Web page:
NewsWest AfricaInterview: Ernest Addison Governor, Bank of Ghana


Posted on Tuesday, 02 October 2018 16:55

Interview: Ernest Addison Governor, Bank of Ghana

By Interview by Nicholas Norbrook

Ernest Addison. All rights reservedInterview: Ernest Addison Governor, Bank of Ghana - becoming more stringent and effective

 TAR: Why is it so important to raise the capital base? I have seen quite vivid arguments with Bright Simons and people at think tanks saying we do not need to do this now.

Because they do not understand the risks that are facing the banking system. They are looking at countries like Canada and other places with lower capital requirements. They are not the comparisons we want to make. The risks in Canada are very different from the risks in Ghana. Even the macroeconomic risks that Canada faces are different from those that we face. When we looked at the issue we looked at the macroeconomics of the problem. The fact that you set a minimum capital requirement and over time this is eroded by high inflation and exchange-rate depreciation. So that is a factor in trying to set a new requirement. You want to set a rate that will be enduring in that sense. You also have to look at the type of projects that the banks are financing […]. There is a reason why you have those prudential limits, in terms of the exposures at the banks, the ceilings that we set for the banks […]. It all has to do with the risks associated with banking and the level of the capital of banks.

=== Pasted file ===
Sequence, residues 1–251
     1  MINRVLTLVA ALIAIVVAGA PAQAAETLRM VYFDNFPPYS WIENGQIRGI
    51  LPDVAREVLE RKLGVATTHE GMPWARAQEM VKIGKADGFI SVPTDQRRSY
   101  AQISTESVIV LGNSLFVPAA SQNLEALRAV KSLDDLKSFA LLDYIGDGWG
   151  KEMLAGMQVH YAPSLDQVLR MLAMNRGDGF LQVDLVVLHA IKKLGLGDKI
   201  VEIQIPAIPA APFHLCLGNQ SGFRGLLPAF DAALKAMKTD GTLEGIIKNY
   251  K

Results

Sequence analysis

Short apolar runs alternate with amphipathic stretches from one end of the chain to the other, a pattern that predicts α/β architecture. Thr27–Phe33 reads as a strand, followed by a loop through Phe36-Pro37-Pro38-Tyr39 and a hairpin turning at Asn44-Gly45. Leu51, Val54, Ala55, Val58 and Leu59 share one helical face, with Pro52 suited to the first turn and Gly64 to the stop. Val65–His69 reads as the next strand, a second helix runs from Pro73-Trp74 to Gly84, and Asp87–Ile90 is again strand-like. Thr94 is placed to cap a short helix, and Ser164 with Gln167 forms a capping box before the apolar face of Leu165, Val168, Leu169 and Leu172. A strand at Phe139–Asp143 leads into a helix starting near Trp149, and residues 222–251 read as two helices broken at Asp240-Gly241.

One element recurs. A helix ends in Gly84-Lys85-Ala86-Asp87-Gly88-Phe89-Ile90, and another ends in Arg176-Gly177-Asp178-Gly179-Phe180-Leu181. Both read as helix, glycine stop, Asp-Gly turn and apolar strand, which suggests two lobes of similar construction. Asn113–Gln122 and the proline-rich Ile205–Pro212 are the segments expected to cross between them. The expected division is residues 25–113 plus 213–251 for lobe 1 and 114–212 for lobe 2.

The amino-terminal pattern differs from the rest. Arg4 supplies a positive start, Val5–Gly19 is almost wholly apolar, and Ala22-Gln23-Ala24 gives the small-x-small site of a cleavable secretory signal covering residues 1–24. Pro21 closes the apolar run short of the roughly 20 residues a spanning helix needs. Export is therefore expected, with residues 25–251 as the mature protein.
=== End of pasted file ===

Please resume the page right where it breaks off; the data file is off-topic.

What have you learned from Nigeria’s big bang of 2005?
The story that I heard from Nigeria was that the banks had so much capital that they did not know what to do with it. This was the argument. And we are saying in Ghana, we have a lot of projects, a lot of initiatives – all of the One District, One Factory concepts that the government is thinking up. All of these would require financing. So the financing need in Ghana is significant. And there is room for the banks to participate in that market.
How tough are you as a regulator?
I think our work speaks for itself in terms of all the things we have tried to do for the past one year. We are becoming more stringent and effective in the supervisory work we are doing. And we plan to keep it that way.
This interview first appeared in the September 2018 print edition of The Africa Report magazine

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